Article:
Chinese Parents Feel “Stress of Summer”

Sue Ng writes:

Sending children on overseas tours has also become an indispensable part of the break, with nearly everyone in Chan’s children’s class joining a summer study tour to experience an overseas educational environment, culture, and language through meeting people, visiting famous universities and sightseeing.

Chan said her 11-year-old son had benefited from an 11-day tour of Italy, which included museum trips and a requirement to submit drawings after their experiences.

Cheng Guowei, a representative of the East Meets West study tour centre based in Shanghai, said parents were concerned about their children’s education.

Our 11 year old son did not go to Italy.

Or on any educational tour.


He’s taken no academic classes.

Nor tutorials.

He’s had a lot of down time: riding his bike, playing basketball and ultimate frisbee and practicing karate and swimming, reading, picking strawberries, making silly movies, going to amusement parks, and admiring his best friend’s new dog.

Some of this happens via week-long daycamps, which tend to run from 9am to 2pm.

He and his 9 year old sister have a summer “Bucket List” of fun things they want to do before school starts again in September.  This morning they mentioned that fishing is next up on our list.  Most nights we watch a silly show as a family: Impractical Jokers.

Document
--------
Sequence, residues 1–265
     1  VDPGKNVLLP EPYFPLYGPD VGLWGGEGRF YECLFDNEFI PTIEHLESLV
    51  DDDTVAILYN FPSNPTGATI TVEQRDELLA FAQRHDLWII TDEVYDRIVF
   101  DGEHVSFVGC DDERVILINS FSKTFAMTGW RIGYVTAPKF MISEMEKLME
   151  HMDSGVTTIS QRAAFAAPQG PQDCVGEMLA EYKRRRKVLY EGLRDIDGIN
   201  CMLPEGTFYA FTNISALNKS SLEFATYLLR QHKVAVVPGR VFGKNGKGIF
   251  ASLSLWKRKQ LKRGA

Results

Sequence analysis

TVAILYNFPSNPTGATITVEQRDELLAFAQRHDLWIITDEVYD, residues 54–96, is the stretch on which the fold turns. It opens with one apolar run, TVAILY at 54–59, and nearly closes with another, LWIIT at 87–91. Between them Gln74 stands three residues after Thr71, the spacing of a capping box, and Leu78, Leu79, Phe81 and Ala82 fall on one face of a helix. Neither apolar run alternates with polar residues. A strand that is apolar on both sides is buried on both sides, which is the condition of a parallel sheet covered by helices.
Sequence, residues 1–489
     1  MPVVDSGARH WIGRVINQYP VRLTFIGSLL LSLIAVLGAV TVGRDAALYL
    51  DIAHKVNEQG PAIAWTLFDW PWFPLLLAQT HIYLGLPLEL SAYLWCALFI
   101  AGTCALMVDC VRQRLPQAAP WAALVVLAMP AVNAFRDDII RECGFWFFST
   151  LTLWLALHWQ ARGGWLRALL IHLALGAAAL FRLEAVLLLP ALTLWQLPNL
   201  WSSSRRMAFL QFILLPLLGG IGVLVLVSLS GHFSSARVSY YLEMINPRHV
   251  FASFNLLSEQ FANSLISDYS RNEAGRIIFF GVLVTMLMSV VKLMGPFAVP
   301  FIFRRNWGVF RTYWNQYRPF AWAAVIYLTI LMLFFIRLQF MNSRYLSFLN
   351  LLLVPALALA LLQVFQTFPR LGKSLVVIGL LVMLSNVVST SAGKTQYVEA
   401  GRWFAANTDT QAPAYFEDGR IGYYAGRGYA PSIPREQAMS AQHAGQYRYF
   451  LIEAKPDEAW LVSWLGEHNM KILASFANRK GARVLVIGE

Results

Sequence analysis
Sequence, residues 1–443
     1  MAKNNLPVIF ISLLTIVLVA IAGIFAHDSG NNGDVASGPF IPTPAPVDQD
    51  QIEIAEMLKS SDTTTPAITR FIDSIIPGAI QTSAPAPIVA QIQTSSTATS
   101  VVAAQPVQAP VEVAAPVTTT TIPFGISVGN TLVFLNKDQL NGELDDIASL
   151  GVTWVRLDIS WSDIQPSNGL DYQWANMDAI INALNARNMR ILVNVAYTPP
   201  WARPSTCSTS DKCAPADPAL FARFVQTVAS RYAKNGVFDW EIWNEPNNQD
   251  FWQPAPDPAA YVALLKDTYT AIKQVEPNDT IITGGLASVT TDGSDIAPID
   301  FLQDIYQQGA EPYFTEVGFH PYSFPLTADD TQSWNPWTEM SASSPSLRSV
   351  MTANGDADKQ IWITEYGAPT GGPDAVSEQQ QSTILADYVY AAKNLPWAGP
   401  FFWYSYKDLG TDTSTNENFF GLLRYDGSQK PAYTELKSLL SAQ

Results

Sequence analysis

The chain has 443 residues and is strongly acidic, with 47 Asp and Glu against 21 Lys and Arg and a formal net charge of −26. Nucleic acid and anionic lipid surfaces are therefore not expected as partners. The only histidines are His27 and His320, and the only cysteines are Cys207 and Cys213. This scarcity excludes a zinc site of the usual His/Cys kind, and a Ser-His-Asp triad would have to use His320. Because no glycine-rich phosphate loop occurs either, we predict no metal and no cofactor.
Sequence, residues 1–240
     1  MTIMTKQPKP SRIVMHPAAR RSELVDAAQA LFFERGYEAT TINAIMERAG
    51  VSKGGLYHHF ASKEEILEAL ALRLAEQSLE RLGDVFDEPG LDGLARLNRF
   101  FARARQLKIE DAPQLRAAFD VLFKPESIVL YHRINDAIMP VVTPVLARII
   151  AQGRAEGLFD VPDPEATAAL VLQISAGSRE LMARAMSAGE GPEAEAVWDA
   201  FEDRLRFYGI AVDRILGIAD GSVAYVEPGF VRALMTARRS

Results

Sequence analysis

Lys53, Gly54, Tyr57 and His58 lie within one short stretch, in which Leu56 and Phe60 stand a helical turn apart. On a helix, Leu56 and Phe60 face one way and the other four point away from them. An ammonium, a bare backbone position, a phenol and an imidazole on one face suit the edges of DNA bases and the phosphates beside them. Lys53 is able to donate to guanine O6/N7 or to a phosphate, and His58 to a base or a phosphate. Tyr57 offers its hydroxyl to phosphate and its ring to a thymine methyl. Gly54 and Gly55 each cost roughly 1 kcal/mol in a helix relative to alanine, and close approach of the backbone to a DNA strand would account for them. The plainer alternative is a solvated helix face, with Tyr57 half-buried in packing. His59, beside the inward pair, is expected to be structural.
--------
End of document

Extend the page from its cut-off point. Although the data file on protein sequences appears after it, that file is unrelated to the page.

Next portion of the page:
As children in China look forward to their six-week summer holiday, parents are finding themselves suffering from higher levels of stress and financial strain than they do during the rest of the school year.

“No freedom summer holiday” became a trending topic on Weibo, China’s Twitter, in May, as parents began spending much time and money planning their children’s holiday schedule. It was a similar tale last year, when “Having 30,000 yuan (US$4,350) monthly salary cannot afford the summer holiday” also went viral online.

Both trends reflect the anxiety and fear of parents that their children will lag behind other classmates during the summer break. To keep their offspring in study mode, parents try to fill the holiday – which typically begins in July and ends in September – with different classes and tours, at ever-increasing expense.

In the USA, you can control the parent stress you feel, in part, by choosing your neighborhood.

In our town, nobody is doing much that is academic.

But there are towns a few miles away full of Tiger Parents loading up their kids with summer learning activities.